Improving quality of life should be cornerstone of government policy

By Georges Pierre Sassine on January 03, 2013

A version of this article appeared in the January 2013 print edition of Executive Magazine, on page 56.

The government’s proposed wage scale hike has hit a dead-end as the debate rages over how the salary increases will be funded, whether by raising taxes or other channels. However, this is not the right question to ask. The fundamental question is: How do we improve the quality of life for Lebanese citizens?

Salary increases will not be enough to improve our purchasing power. If a public sector employee’s pay packet increases, so too will the prices of essentials from food to rent — the net improvement in living standards will be minimal. The government must focus not only on increasing income but also managing the spiraling costs of living. Yet, a solution is within the government’s reach. It will require a combination of policy initiatives that fundamentally alter the supply-demand balance within the market, increase competition and control inflation.

For example, food prices in Lebanon have risen by more than 66 percent in the past six years and are expected to escalate further. Rising food prices are partly driven by the country’s high exposure to international food prices, as Lebanon imports more than 80 percent of the food it consumes. Part of the solution is then to reduce Lebanon’s exposure to international food markets and expand domestic agricultural production. Specific measures include incentivizing banks and the private sector to invest in Lebanon’s agriculture sector, making a strategic shift from low-profit traditional agricultural practices to more economical and less water-intensive products, and promoting bilateral and regional trade agreements to improve the competitiveness of Lebanon’s agricultural sector.

Gasoline prices have also almost doubled in the past six years. About 22 percent of the price of gasoline is due to government taxes. These fees can be reduced if alternative sources to the treasury are ensured. Sixty-seven percent of the price of gasoline reflects the price of purchasing fuels on international markets. The government cannot control international fuel prices but it could adopt a clear public strategy of how and when to purchase so as to minimize price increases and volatility. Other measures also include reducing oil consumption by encouraging more efficient cars and fuel standards, and by developing a more efficient transport system.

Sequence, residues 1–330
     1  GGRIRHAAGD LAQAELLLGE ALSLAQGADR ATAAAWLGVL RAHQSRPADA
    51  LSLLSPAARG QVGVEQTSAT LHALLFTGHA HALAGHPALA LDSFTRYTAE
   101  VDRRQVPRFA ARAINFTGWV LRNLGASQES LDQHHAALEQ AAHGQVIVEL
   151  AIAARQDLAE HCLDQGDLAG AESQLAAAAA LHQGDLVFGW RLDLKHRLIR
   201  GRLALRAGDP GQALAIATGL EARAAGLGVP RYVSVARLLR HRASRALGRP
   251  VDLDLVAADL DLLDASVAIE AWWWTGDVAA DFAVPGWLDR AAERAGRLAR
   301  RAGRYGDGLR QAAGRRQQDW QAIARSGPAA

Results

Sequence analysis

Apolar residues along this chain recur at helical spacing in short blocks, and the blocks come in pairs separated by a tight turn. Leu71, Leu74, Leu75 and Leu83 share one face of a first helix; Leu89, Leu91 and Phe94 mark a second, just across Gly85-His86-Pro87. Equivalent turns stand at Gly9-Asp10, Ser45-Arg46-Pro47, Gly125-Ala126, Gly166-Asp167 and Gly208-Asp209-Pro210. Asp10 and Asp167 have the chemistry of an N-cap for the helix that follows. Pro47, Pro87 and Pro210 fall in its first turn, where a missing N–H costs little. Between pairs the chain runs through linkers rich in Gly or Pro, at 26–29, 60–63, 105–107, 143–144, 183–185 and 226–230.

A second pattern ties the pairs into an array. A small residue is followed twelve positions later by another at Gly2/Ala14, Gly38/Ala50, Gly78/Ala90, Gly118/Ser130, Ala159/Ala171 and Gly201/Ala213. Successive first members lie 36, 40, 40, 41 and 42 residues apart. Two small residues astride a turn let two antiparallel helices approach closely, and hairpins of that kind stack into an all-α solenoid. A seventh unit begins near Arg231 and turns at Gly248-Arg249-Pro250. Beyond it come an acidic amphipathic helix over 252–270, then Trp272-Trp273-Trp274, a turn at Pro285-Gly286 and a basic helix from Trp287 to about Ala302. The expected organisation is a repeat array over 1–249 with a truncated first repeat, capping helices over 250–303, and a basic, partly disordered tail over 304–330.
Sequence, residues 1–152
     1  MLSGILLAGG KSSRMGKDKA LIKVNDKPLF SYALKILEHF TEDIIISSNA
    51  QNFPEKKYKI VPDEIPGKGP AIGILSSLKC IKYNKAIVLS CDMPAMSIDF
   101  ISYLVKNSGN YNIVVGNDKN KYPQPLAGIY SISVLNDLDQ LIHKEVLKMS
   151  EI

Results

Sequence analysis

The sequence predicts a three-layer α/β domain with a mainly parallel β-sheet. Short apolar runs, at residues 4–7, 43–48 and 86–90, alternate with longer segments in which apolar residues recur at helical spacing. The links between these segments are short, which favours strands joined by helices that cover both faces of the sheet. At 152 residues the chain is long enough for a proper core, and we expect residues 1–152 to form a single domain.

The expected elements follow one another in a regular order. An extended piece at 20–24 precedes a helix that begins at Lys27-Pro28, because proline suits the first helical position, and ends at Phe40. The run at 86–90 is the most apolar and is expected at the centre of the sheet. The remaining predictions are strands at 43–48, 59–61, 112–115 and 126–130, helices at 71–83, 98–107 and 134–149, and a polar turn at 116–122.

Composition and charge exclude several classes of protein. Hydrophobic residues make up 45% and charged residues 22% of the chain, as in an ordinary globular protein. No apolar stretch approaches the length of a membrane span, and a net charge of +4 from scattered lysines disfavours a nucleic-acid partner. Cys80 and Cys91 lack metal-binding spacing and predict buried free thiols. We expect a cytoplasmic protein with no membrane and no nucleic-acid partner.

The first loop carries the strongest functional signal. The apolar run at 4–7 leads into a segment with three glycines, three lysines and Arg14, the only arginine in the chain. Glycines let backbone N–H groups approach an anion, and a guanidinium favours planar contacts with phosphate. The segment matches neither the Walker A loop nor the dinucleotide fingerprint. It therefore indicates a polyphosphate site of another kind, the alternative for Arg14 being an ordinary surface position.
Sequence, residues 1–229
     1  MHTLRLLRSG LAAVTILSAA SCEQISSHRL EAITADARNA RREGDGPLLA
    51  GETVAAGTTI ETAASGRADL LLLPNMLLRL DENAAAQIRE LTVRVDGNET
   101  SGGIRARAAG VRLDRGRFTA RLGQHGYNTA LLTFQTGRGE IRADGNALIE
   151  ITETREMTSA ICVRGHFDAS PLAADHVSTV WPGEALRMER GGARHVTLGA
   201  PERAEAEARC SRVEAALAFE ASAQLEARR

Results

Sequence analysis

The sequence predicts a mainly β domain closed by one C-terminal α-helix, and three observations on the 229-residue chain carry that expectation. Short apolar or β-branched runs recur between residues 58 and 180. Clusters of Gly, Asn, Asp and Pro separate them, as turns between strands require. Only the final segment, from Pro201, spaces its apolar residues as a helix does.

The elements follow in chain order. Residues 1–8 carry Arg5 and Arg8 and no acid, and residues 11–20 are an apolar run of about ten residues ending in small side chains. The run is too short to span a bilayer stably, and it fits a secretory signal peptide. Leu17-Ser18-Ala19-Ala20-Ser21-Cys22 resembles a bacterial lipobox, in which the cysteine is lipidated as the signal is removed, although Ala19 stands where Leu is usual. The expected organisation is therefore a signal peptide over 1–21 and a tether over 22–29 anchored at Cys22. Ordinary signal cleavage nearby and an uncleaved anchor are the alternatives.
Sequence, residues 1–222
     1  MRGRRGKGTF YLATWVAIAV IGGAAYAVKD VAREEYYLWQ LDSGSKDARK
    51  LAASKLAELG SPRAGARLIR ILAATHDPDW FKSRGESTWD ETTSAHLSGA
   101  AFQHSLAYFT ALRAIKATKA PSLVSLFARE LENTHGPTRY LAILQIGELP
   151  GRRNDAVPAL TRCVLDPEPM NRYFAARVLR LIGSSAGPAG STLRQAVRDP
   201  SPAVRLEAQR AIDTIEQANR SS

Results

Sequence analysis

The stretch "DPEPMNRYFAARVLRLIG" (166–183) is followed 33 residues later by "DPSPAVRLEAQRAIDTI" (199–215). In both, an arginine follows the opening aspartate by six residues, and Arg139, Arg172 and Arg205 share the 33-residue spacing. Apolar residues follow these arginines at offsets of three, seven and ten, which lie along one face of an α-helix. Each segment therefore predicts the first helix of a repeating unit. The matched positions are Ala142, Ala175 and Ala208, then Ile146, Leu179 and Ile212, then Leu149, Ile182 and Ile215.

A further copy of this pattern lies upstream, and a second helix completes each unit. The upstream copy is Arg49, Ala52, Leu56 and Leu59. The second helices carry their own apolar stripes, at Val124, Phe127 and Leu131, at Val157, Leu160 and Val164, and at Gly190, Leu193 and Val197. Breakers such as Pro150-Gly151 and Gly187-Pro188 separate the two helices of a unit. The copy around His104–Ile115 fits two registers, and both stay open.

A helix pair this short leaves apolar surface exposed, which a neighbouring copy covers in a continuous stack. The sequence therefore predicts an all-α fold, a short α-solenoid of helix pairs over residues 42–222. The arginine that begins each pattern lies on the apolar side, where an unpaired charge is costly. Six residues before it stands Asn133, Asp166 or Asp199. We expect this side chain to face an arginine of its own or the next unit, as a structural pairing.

Housing and real estate prices have risen drastically in recent years, making it unaffordable for many Lebanese to live in Beirut and other large cities. Currently, 45 percent of houses in Beirut are leased under the old rent law, which is causing a shortage of land available for real estate development. The reform of the rent law in a gradual and fair way that protects lower income families could alleviate land shortages and add about 2 million square meters of new properties suitable for development. This would likely stabilize and decrease housing prices in the medium term.

Domestic and foreign investments have also been inflating residential and construction prices in Lebanon. The relative stability of Lebanon’s economy after the 2008 global financial crisis drove a flow of capital to lower-risk and longer-term investments in Lebanon’s real estate. This makes the regulation of real estate transaction revenues a necessity, including the revision of real estate taxes.

Much of this investment has come from the well-lined pockets of the Gulf. One way to maintain foreign investment and control its inflationary impacts involves modifying foreign ownership laws. Following the system adopted by England, foreign ownership can be modified from a “property ownership” system to a “lease ownership system”; or by restructuring registration fees, which distinguishes between Lebanese and foreigners.

Beirut has become one of the most expensive cities in the world, and the purchasing power of Lebanese citizens declined by about 40 percent since 2005. Debating salary increases will not suffice. The Lebanese government should develop a comprehensive vision to improve the quality of life of its citizens, including a revision of agriculture, energy, real estate and tax policies.


Georges Pierre Sassine holds a master’s degree in public policy from Harvard University’s John F. Kennedy School of Government. He writes about Lebanon’s public policy issues at

A version of this article appeared in the January 2013 print edition of Executive Magazine, on page 56.

(Executive Magazine: a leading business, economics and policy magazine in Lebanon and the Middle East)

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